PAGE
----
An aerial view of the Pentagon building in Washington, June 15, 2005. U.S. Defense Secretary Donald Rumsfeld defended the Guantanamo prison against critics who want it closed by saying U.S. taxpayers have a big financial stake in it and no other facility could replace it at a Pentagon briefing on Tuesday. (Reuters/Jason Reed JIR/CN)

Senior defense officials offered a wide range of excuses to reporters on Wednesday about why they may not comply with a subpoena from House Democrats for documents related to the ongoing impeachment inquiry into President Donald Trump.

On Oct. 7, lawmakers subpoenaed information about military aid to Ukraine. Eight days later, a Pentagon official told them to pound sand in part because many of the documents requested are communications with the White House that are protected by executive privilege.

Read More Show Less

Senators Tammy Duckworth (D-IL) and Johnny Isakson (R-GA) will announce legislation Wednesday aiming to "fix" a new Trump administration citizenship policy that affects some children of U.S. service members stationed abroad.

Read More Show Less

The video opens innocently enough. A bell sounds as we gaze onto a U.S. Navy frigate, safely docked at port at Naval Base San Diego. A cadre of sailors, dressed in "crackerjack" style enlisted dress uniforms and hauling duffel bags over their shoulders, stride up a gangplank aboard the vessel. The officer on deck greets them with a blast of a boatswain's call. It could be the opening scene of a recruitment video for the greatest naval force on the planet.

Then the rhythmic clapping begins.

This is no recruitment video. It's 'In The Navy,' the legendary 1979 hit from disco queens The Village People, shot aboard the very real Knox-class USS Reasoner (FF-1063) frigate. And one of those five Navy sailors who strode up that gangplank during filming was Ronald Beck, at the time a legal yeoman and witness to one of the strangest collisions between the U.S. military and pop culture of the 20th century.

"They picked the ship and they picked us, I don't know why," Beck, who left the Navy in 1982, told Task & Purpose in a phone interview from his Texas home in October. "I was just lucky to be one of 'em picked."

Read More Show Less

Defense Secretary Mark Esper on Tuesday casually brushed aside the disturbing news that, holy shit, MORE THAN 100 ISIS FIGHTERS HAVE ESCAPED FROM JAIL.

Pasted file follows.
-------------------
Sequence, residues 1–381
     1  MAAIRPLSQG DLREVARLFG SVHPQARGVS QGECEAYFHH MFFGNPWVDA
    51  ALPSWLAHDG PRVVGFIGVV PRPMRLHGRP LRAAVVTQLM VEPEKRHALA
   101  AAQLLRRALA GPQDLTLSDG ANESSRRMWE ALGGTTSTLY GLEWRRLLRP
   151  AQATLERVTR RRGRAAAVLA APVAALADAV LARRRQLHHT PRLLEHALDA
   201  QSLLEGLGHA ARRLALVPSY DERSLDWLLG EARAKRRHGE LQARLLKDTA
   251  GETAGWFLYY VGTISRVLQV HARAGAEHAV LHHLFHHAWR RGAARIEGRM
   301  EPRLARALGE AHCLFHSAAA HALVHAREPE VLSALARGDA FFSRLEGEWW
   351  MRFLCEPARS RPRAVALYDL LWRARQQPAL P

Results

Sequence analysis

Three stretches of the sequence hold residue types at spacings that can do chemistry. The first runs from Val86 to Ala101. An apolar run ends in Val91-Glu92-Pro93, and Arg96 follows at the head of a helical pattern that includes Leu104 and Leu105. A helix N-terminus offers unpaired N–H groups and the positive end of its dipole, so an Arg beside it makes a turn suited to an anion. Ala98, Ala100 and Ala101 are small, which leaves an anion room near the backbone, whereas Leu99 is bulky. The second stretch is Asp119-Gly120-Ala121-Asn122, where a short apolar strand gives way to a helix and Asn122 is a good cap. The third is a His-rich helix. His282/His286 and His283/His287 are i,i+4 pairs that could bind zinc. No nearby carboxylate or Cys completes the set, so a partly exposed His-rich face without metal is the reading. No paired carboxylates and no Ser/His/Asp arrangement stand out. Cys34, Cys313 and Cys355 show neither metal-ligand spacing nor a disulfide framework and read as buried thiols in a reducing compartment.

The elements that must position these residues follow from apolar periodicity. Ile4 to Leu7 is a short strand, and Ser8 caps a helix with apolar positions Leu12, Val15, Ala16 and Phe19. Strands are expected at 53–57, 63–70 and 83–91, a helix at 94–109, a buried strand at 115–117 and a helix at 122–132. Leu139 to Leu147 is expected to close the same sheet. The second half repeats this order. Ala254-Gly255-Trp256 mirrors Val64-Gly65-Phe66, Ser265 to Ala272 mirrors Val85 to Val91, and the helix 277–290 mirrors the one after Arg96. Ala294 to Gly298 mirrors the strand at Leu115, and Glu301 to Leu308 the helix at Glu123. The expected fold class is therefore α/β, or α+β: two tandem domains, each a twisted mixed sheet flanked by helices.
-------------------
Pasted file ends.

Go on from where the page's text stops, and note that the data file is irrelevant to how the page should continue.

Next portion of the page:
In an interview with CNN's Christiane Amanpour, Esper essentially turned this fact into a positive, no doubt impressing public relations and political talking heads everywhere with some truly masterful spin.

"Of the 11,000 or so detainees that were imprisoned in northeast Syria, we've only had reports that a little more than a hundred have escaped," Esper said, adding that the Syrian Democratic Forces were continuing to guard prisons, and the Pentagon had not "seen this big prison break that we all expected."



Well, I feel better. How about you?

On Wednesday, the top U.S. envoy in charge of the global coalition to defeat ISIS said much the same, while adding another cherry on top: The United States has no idea where those 100+ fighters went.

"We do not know where they are," James Jeffrey told members of Congress of the 100+ escaped detainees. ISIS has about 18,000 "members" left in Iraq and Syria, according to recent Pentagon estimates.

A senior administration official told reporters on Wednesday the White House's understanding is that the SDF continues to keep the "vast majority" of ISIS fighters under "lock and key."

"It's obviously a fluid situation on the ground that we're monitoring closely," the official said, adding that released fighters will be "hunted down and recaptured." The official said it was Turkey's responsibility to do so.

President Trump expressed optimism on Wednesday about what was happening on the ground in northeast Syria, when he announced that a ceasefire between Turkey and the Kurds was expected to be made permanent.

"Turkey, Syria, and all forms of the Kurds have been fighting for centuries," Trump said. "We have done them a great service and we've done a great job for all of them — and now we're getting out."

The president boasted that the U.S.-brokered ceasefire had saved the lives of tens of thousands of Kurds "without spilling one drop of American blood."

Trump said that "small number of U.S. troops" would remain in Syria to protect oilfields.


Kade Kurita (U.S. Army photo(

Kade Kurita, the 20-year-old West Point cadet who had been missing since Friday evening, was found dead on Tuesday night, the U.S. Military Academy announced early Wednesday morning.

"We are grieving this loss and our thoughts and prayers go out to Cadet Kurita's family and friends," Lt. Gen. Darryl Williams, superintendent of West Point, said in the release.

Read More Show Less